Synthesis and Nonradioactive Micro-analysis of Diphosphoinositol Phosphates by HPLC with Postcolumn Complexometry
A nonradioactive high-performance anion-exchange chromatographic method based on MDD-HPLC (Mayr Biochem. J. 254:585–591, 1988) was developed for the separation of inositol hexakisphosphate (InsP 6, phytic acid) and most isomers of pyrophosphorylated inositol phosphates, such as diphosphoinositol pentakisphosphate (PPInsP 5 or InsP 7) and bis-diphosphoinositol tetrakisphosphate (bisPPInsP 4 or InsP 8). With an acidic elution, the anion-exchange separation led to the resolution of four separable PPInsP 5 isomers (including pairs of enantiomers) into three peaks and of nine separable bisPPInsP 4 isomers into nine peaks. The whole separation procedure was completed within 20–36 min after optimization. Reference standards of all bisPPInsP 4 isomers were generated by a nonenzymatic shotgun synthesis from InsP 6. Hereby, the phosphorylation was brought about nonenzymatically when concentrated InsP 6 bound to the solid surface of anion-exchange beads was incubated with creatine phosphate under optimal pH conditions. From the mixture of pyrophosphorylated InsP 6 derivatives containing all theoretically possible isomers of PPInsP 5, bisPPInsP 4, and also some isomers of trisPPInsP 3, isomers were separated by anion-exchange chromatography and fractions served as reference standards of bisPPInsP 4 isomers for further investigation. Their isomeric nature could be partly assigned by comparison with position specifically synthesized or NMR-characterized purified protozoan reference compounds and partly by limited hydrolysis to PPInsP 5 isomers. By applying this nonradioactive analysis technique to cellular studies, the isomeric nature of the major bisPPInsP 4 in mammalian cells could be identified without the need to obtain sufficient material for NMR analysis.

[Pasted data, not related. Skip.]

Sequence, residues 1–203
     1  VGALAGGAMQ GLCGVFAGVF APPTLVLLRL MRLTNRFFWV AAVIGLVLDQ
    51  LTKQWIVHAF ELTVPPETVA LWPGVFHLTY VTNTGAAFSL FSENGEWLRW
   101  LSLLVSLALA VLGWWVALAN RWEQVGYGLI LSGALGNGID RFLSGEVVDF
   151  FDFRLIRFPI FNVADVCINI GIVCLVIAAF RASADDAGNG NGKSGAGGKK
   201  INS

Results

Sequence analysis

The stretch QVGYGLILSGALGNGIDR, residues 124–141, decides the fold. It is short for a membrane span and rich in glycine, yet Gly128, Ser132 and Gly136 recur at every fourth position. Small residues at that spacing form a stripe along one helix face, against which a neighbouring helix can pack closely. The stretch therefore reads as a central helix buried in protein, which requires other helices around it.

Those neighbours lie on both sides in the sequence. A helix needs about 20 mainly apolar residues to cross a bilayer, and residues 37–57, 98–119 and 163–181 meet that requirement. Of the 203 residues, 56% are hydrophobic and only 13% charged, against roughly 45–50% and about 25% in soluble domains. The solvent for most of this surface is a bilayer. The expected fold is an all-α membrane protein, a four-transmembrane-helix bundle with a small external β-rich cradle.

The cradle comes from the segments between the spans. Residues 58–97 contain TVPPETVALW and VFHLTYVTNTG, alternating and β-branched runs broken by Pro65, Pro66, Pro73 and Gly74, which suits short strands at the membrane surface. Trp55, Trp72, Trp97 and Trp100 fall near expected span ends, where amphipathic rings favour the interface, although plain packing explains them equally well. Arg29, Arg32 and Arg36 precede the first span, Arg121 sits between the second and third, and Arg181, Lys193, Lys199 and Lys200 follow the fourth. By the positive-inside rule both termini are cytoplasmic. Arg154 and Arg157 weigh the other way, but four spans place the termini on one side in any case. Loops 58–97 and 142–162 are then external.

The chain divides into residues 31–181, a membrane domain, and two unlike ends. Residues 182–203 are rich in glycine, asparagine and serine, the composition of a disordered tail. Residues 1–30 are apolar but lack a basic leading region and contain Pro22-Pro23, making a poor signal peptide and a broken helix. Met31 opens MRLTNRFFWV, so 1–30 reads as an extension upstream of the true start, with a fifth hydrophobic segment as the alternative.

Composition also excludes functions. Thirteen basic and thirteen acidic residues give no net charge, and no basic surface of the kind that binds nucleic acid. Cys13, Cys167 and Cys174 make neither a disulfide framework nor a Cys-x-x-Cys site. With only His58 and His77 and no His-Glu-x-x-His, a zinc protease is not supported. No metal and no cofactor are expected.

Key wordsInositol phosphate Pyrophosphates Signal transduction Metal-dye detection HPLC
The authors would like to thank Professor Gunter Vogel (Wuppertal, Germany) for providing the 1/3,5-bisPPInsP 4 isomer from Polysphondylium, and Professor J.R. Falck (UT Southwestern, Dallas, USA) for providing a synthetic 2,5-bisPPInsP 4 sample and pure PPInsP 5 isomers. Parts of the MDD-HPLC analysis have been performed by Bettina Serreck, whose technical support is highly acknowledged.
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